The California Division of Occupational Safety & Health (Cal/OSHA) today announced that it has issued 25 citations against Chevron USA, including proposed penalties totaling nearly $1 million. The action was triggered by state safety violations at Chevron’s Richmond refinery associated with a fire on August 6, 2012.
Eleven of the citations for the Richmond refinery were classified as “willful serious” and twelve as “serious” violations, resulting in the highest penalties in Cal/OSHA’s history.
Additionally, Cal/OSHA announced that it has ongoing investigations of Chevron’s El Segundo refinery near Los Angeles and its oilfield operations in Lost Hills near Bakersfield. It gave no details as to the types or severity of violations and/or potential fines at those facilities.
“Ensuring worker safety is the employer’s responsibility,” said Department of Industrial Relations Director Christine Baker, who oversees Cal/OSHA. “Refineries must take the steps needed to prevent incidents like the August Chevron fire. Failure to do so can pose great dangers to workers, surrounding communities and the environment.”
A total of $963,200 in penalties was proposed, which Cal/OSHA Chief Ellen Widess said are the highest allowed under state law. “Our investigators found willful violations in Chevron’s response before, during and after the fire,” said Widess.
The fire began when a severely corroded pipe began leaking in the refinery’s #4 Crude Unit. According to Cal/OSHA, Chevron managers told workers workers to remove insulation, but not to shut down the unit, which caused the pipe to rupture and the fire to start.
Reportedly 15,000 residents of surrounding communities sought treatment after breathing emissions from the fire. Fortunately, there were no serious worker injuries.
Cal/OSHA’s investigation revealed that:
- Chevron did not follow the recommendations of its own inspectors and metallurgical scientists to replace the corroded pipe that ultimately ruptured and caused the fire. Those recommendations dated back to 2002.
- Chevron did not follow its own emergency shutdown procedures when the leak was identified, and did not protect its employees and employees of Brand Scaffolding who were working at the leak site.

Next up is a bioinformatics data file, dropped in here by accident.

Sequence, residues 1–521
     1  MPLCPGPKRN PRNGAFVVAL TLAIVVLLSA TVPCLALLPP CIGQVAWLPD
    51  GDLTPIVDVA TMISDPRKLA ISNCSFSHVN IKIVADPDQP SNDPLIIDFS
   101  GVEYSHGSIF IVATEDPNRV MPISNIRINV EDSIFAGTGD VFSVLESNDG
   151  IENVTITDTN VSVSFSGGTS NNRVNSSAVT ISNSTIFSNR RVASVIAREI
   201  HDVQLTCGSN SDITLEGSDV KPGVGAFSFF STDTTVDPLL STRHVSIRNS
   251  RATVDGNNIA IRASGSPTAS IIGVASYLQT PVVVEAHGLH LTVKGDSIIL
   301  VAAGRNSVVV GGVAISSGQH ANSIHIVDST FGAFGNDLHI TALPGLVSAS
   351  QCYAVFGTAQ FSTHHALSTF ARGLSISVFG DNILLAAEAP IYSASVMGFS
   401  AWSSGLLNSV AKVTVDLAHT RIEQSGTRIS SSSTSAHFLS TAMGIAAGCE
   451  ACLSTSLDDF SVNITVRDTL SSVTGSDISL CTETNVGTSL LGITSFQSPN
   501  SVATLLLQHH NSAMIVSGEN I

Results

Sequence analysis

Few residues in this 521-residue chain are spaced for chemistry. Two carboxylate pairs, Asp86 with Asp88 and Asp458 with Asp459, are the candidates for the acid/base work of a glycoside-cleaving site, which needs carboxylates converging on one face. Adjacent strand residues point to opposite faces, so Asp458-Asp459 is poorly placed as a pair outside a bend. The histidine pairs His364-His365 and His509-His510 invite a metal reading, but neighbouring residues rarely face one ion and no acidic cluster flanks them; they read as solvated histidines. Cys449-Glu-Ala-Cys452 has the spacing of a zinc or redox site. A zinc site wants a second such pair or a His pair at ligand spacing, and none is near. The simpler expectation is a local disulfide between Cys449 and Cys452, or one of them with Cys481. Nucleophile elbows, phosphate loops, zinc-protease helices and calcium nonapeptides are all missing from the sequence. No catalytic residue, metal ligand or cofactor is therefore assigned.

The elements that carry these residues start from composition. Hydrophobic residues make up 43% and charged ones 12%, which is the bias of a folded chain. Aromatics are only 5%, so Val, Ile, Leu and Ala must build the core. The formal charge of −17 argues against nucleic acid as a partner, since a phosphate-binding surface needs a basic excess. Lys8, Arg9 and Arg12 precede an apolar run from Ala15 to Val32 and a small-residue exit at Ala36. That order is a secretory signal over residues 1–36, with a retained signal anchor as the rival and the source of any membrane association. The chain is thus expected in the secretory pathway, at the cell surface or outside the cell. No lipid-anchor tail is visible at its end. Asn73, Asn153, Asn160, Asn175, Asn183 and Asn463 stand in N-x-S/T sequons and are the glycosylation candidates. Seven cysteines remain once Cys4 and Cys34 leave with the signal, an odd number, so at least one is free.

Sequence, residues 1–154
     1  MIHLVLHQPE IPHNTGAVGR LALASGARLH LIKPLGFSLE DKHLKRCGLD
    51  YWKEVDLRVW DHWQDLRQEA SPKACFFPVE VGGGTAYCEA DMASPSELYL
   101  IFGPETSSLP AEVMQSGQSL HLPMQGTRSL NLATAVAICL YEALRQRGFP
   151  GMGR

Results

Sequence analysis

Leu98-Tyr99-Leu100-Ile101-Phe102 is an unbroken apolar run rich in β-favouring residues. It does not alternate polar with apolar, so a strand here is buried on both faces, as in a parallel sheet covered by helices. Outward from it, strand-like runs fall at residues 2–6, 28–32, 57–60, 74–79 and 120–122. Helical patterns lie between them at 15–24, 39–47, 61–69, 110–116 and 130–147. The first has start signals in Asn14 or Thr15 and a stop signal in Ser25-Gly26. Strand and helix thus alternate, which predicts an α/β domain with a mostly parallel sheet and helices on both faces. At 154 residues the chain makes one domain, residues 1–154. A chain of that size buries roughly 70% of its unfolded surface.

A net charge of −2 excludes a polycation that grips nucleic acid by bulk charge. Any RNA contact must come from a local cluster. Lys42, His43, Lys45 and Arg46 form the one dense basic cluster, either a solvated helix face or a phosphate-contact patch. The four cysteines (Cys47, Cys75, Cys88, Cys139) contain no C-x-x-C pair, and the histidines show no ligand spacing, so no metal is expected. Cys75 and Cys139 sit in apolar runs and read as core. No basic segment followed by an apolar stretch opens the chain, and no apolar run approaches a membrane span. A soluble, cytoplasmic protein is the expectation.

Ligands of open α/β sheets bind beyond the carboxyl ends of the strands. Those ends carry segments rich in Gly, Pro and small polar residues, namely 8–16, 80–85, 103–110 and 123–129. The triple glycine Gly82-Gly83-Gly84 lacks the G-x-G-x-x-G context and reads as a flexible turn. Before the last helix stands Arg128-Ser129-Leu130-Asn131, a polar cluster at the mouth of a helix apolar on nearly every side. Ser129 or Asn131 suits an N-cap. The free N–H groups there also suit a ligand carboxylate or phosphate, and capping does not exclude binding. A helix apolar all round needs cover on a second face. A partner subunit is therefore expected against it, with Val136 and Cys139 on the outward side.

The “willful serious” violations include the following:
- Chevron did not follow its own policies or act on repeated recommendations to replace the corroded pipe that ultimately ruptured;
- Chevron did not test pipe thickness in areas identified as susceptible to corrosion and leaks because of the high temperature and high-sulfur content of the crude oil;
- Chevron did not implement its own emergency procedures to shut down the Crude Unit where the leak occurred, and exposed workers to harm by directing them to remove insulation;
- Chevron did not recognize the potential for a catastrophic release of ignitable diesel fuel from the leaking pipe, and ordered contractor employees to erect a scaffold at the leak site;
- Chevron allowed workers to enter the hazardous incident zone without proper personal protective equipment;
- Chevron had pervasive violations in its leak repair procedures throughout the refinery. Cal/OSHA investigators identified leaks in pipes that Chevron had clamped as a temporary fix. In some cases the clamps remained in place for years, rather than replacing the pipes themselves.
Cal/OSHA also found that Chevron violated its own safety procedures. All refineries are required to develop “process safety management” (PSM) procedures, including a comprehensive safety plan. The plan specifies what hazards exist and what must be done to reduce or eliminate them.
“It is Chevron’s responsibility to ensure the safety of its operations. Having an effective workplace safety culture is essential in preventing these kinds of incidents,” said Widess. “This case demonstrates the risks that occur when a refinery does not follow its own safety maintenance program.”